Date: August 19, 2009
Contact: Carol Connelly, Director,
Media & Communication Services, ext. 5267, email@example.com
PNC Faculty Member Earns Lugar Energy Patriot Award
WESTVILLE – Purdue University North Central faculty member Dr. Thomas Brady, associate professor of Industrial Engineering Technology and chair of the Department of Engineering Technology, has been named a Lugar Energy Patriot by U.S. Sen. Richard Lugar.
Brady becomes the 21st recipient of the Lugar Energy Patriot award. “We name Lugar Energy Patriots as a way to recognize outstanding Hoosiers who have demonstrated leadership and initiative in taking concrete action to improve America 's energy security and promoting sustainable energy production and use. I am pleased to recognize Dr. Brady for his initiative and leadership throughout Indiana ,” said Lugar.
Brady is tackling the problems facing the United States ' energy grid head on. “My job deals with how we do more with less, or much more with more. Technology is not the problem,” he explained. “It's scaling things up so you can use it. We need to get green things into the hands of every Hoosier. That's the big challenge.”
However, Brady doesn't see green living as a lifestyle conversion, but rather as a mission for engineering and economics. “As a lifelong Hoosier I want to see Indiana take the lead on this critical issue,” he continued. “With our resources and great universities there is no reason we can't be the solution. Indiana can contribute to the world as a whole.”
Brady's research focus helps Indiana wind and coal to be used more productively. “As consumer demand for electricity increases and society demands for greener electricity production intensify, wind power is emerging as a popular alternative,” Brady explained. “I am looking at how ‘efficient' wind generated electricity really is and what are the operational issues involved with a producer adding wind power to its electricity-generating assets.”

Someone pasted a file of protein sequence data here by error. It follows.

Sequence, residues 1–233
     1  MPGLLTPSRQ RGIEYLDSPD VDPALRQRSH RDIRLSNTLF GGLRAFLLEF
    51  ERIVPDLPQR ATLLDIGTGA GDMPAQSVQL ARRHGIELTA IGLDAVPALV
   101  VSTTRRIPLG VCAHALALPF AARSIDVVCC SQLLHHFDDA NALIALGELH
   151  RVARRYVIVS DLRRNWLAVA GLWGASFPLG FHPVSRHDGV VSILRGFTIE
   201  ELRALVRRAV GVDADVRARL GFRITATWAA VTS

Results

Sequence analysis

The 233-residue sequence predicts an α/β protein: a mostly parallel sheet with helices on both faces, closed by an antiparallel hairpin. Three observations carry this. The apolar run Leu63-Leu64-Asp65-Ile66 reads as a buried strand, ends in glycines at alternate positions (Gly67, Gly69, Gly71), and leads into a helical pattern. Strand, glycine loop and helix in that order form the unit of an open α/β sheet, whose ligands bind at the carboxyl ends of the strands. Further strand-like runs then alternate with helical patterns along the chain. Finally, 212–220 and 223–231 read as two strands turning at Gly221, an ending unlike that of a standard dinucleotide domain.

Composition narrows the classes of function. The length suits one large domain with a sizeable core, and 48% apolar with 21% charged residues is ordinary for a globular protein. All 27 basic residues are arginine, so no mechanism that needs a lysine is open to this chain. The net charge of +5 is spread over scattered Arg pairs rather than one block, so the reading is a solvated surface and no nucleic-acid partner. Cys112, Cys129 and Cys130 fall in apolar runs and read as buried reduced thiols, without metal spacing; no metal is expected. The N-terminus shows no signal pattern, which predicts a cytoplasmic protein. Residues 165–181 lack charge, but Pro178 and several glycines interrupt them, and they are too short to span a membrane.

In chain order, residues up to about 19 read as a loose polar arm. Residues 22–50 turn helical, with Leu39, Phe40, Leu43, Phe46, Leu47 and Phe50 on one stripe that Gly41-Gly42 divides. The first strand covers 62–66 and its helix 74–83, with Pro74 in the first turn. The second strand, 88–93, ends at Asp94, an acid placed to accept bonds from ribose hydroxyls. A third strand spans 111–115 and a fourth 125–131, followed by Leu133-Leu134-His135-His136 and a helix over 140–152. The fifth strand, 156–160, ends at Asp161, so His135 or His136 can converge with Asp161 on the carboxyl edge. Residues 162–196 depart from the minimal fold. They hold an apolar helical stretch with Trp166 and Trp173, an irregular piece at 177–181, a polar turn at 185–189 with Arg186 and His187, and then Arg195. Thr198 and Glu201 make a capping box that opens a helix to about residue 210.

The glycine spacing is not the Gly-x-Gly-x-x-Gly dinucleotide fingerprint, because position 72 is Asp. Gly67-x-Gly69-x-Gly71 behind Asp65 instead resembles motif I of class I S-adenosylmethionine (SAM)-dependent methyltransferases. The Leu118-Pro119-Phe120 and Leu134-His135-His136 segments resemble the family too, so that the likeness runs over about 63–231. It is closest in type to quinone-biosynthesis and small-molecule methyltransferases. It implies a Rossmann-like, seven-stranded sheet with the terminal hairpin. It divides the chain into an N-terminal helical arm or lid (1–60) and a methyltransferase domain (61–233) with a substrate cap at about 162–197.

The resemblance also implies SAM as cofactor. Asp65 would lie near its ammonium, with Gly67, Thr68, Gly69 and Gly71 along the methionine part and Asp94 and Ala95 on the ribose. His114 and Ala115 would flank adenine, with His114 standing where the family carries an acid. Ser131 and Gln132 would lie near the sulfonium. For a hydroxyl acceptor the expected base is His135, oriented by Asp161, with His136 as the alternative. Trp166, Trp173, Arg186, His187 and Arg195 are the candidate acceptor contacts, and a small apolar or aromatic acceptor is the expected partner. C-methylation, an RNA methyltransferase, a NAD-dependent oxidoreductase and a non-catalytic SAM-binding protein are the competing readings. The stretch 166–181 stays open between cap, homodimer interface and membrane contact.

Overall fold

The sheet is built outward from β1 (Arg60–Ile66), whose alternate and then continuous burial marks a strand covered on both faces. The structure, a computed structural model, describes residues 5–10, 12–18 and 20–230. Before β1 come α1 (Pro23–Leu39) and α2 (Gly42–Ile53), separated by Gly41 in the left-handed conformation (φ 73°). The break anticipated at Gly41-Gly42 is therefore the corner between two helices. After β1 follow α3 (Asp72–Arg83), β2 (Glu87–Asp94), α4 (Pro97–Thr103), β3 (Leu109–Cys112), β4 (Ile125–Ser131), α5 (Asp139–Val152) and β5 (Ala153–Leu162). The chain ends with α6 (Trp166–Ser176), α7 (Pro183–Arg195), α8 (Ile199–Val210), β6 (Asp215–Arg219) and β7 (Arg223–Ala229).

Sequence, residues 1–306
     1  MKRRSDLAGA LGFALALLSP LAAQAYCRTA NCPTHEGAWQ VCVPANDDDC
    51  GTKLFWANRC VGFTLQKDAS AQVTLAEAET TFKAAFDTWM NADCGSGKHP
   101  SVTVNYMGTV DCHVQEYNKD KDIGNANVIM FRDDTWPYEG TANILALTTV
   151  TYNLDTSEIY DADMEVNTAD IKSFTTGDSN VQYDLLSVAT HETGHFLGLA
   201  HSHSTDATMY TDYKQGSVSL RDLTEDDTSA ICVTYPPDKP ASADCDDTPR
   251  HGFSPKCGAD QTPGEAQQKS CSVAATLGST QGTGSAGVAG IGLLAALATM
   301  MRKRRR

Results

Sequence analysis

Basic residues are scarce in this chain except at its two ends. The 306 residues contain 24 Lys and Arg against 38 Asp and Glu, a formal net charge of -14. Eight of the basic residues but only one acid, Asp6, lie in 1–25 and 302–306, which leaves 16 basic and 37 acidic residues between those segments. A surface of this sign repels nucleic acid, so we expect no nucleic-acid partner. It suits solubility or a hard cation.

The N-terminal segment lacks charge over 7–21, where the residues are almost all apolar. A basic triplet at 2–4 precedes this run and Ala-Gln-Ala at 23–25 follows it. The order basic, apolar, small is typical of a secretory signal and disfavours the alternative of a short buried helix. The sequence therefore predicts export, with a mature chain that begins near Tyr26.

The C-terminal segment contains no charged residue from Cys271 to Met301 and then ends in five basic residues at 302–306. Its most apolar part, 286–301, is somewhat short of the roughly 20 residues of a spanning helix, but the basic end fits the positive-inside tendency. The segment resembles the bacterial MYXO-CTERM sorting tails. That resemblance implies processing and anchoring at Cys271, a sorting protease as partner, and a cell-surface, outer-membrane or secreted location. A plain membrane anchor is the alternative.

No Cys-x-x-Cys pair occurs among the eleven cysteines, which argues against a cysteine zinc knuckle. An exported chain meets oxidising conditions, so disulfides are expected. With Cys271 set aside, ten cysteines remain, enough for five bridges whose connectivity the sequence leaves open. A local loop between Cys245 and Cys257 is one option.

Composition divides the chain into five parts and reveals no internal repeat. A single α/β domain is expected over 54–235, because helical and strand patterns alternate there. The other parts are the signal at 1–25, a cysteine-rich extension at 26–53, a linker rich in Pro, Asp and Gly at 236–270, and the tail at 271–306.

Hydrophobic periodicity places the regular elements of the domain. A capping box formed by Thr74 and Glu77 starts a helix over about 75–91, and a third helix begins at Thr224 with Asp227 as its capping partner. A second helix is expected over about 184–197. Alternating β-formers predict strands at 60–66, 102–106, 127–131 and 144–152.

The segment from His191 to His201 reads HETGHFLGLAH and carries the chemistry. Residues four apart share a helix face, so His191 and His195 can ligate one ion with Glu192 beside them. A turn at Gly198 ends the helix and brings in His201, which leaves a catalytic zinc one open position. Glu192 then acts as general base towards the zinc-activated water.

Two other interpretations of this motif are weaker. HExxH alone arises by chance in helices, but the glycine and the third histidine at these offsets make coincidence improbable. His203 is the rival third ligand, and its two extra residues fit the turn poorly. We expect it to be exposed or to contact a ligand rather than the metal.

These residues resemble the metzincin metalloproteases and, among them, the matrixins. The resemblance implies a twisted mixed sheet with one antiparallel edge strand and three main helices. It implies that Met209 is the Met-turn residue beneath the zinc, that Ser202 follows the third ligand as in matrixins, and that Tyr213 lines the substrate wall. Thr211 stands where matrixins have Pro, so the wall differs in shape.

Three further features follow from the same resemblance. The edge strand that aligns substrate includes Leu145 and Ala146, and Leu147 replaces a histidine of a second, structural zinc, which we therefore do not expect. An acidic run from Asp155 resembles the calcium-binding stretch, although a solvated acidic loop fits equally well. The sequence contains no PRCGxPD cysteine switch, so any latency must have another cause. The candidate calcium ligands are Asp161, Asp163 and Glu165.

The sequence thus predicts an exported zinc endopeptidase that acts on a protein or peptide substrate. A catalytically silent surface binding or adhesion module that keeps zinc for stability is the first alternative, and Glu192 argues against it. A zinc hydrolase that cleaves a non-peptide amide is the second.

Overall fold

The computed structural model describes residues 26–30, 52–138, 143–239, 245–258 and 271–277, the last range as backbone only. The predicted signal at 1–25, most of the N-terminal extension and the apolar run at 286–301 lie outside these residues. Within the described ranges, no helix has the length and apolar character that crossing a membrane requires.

Indiana is one of the fastest growing states for wind power generation. Yet as growth continues, the inability to store energy from the time it is generated to when it is needed, along with undependable wind patterns, creates challenges to fully benefiting from Indiana 's wind potential.
Brady and his team of energy enthusiasts work to develop various methods of coping with strained energy demand including using more mini wind turbines, leveling energy demand through usage monitoring, and mass marketing energy efficient alternatives of household products and materials.
He also is working to maximize efficiency in the use of Indiana 's coal resources. “A lot of power in the U. S. is generated by coal, in Indiana particularly,” Brady said.
Indiana 's coal resources became even more important in meeting power demands when China announced last year that it would no longer export coal, according to Brady. This left Brady and his colleagues asking “can we get coal out of southern Indiana into the Chicago area where the exchange of coal takes place?”
“We have to think about what kind of loading facilities are needed and if we put extra coal traffic on those major rail lines, what kind of impact does that have,” Brady said. “It would impact everybody.”
Brady's experience with optimization and computer simulation has allowed him and his colleagues to simulate the response of our energy infrastructure to such expanded energy usage.
“We've been conditioned that energy is always going to be there, the system is showing signs of stress,” Brady said, noting that more than 304 million U.S. residents are in some way dependent on electricity.
“We don't realize how dependent we are. We assume it is going to be there and assume it is going to be cheap,” Brady said.
The key, he believes, is making energy efficient light bulbs, solar roofing panels and other alternatives available and affordable. At that point, it no longer becomes simply an environmentally conscious choice, but also the logical choice.
“When somebody comes up and asks you about it and people say ‘Wow, I've never thought of that' -- that's the reward I get out of this,” Brady said. “As a professor, that's part of our duty - to have people notice what you're doing and put that into perspective. They have no idea what resources Indiana has. That's when you know you're working on something important.”